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The Office of Citizen Exchanges, ECA/PE/C, Room 224, U.S. Department of State, 301 4th Street, S.W., Washington, D.C. 20547, telephone number 202/619-5348 and fax number 202/260-0440 , Internet address to request a Solicitation Package (see above regional contacts). The Solicitation Package contains detailed award criteria, required application forms, specific budget instructions, and standard guidelines for proposal preparation. Please specify Bureau Program Officer listed above on all other inquiries and correspondence.

Please read the complete Federal Register announcement before sending inquiries or submitting proposals. Once the RFP deadline has passed, Bureau staff may not discuss this competition with applicants until the proposal review process has been completed.

To Download a Solicitation Package via Internet

The entire Solicitation Package may be downloaded from the Bureau's website at​education/​rfps. Please read all information before downloading.

Deadline for Proposals

All proposal copies must be received at the Bureau of Educational and Cultural Affairs by 5 p.m. Washington, D.C. time on Friday, June 2, 2000. Faxed documents will not be accepted at any time. Documents postmarked the due date but received on a later date will not be accepted. Each applicant must ensure that the proposals are received by the above deadline.

Applicants must follow all instructions in the Solicitation Package. The original and ten copies of the application should be sent to: U.S. Department of State, SA-44, Bureau of Educational and Cultural Affairs, Ref.: ECA/PE/C-00-47, Program Management, ECA/EX/PM, Room 336, 301 4th Street, SW, Washington, DC 20547.

Applicants must also submit the “Executive Summary” and “Proposal Narrative” sections of the proposal on a 3.5” diskette, formatted for DOS. These documents must be provided in ASCII text (DOS) format with a maximum line length of 65 characters. The Bureau will transmit these files electronically to the Public Affairs section at the US Embassy for its review, with the goal of reducing the time it takes to get embassy comments for the Bureau's grants review process.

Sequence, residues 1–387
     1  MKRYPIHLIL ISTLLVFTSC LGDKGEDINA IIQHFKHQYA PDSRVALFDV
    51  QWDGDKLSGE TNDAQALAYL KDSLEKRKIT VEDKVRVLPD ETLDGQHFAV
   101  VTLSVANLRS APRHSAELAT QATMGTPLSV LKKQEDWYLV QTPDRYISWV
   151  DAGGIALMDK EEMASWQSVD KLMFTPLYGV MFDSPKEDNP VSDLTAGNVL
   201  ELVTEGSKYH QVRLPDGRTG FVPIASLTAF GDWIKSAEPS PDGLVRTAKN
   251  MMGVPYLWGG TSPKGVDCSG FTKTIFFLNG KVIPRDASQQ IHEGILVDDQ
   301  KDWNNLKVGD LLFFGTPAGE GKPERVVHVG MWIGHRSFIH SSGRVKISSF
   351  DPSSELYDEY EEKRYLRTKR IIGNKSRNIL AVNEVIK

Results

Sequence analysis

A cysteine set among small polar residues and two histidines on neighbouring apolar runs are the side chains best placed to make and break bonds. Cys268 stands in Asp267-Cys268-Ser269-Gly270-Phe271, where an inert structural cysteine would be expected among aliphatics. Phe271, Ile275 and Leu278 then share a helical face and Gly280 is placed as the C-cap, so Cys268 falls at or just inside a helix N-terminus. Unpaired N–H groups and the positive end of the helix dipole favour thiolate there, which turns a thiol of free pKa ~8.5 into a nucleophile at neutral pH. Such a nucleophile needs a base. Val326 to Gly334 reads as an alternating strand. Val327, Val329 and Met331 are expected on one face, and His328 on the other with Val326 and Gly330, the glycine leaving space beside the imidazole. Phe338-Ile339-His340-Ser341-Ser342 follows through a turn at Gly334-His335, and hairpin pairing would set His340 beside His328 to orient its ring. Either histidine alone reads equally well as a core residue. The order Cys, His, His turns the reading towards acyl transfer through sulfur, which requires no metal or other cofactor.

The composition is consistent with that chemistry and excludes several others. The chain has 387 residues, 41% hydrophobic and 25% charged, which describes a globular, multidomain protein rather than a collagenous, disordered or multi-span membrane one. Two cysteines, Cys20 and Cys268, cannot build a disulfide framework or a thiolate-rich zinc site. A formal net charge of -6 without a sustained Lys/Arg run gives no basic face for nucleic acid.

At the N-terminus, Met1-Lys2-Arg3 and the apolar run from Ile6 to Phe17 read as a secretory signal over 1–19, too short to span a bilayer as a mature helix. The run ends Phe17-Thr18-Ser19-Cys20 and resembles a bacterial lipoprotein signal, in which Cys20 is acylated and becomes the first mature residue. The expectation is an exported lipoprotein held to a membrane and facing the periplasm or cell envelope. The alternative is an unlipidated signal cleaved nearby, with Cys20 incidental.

Diversity, Freedom and Democracy Guidelines

Pursuant to the Bureau's authorizing legislation, programs must maintain a non-political character and should be balanced and representative of the diversity of American political, social, and cultural life. “Diversity” should be interpreted in the broadest sense and encompass differences including, but not limited to ethnicity, race, gender, religion, geographic location, socio-economic status, and physical challenges. Applicants are strongly encouraged to adhere to the advancement of this principle both in program administration and in program content. Please refer to the review criteria under the 'Support for Diversity' section for specific suggestions on incorporating diversity into the total proposal. Public Law 104-319 provides that “in carrying out programs of educational and cultural exchange in countries whose people do not fully enjoy freedom and democracy,” the Bureau “shall take appropriate steps to provide opportunities for participation in such programs to human rights and democracy leaders of such countries.” Proposals should reflect advancement of this goal in their program contents, to the full extent deemed feasible.

Year 2000 Compliance Requirement (Y2K Requirement)

The Year 2000 (Y2K) issue is a broad operational and accounting problem that could potentially prohibit organizations from processing information in accordance with Federal management and program specific requirements including data exchange with the Bureau. The inability to process information in accordance with Federal requirements could result in grantees' being required to return funds that have not been accounted for properly.

The Bureau therefore requires all organizations use Y2K compliant systems including hardware, software, and firmware. Systems must accurately process data and dates (calculating, comparing and sequencing) both before and after the beginning of the year 2000 and correctly adjust for leap years.

Additional information addressing the Y2K issue may be found at the General Services Administration's Office of Information Technology website at Start Printed Page 21063

Review Process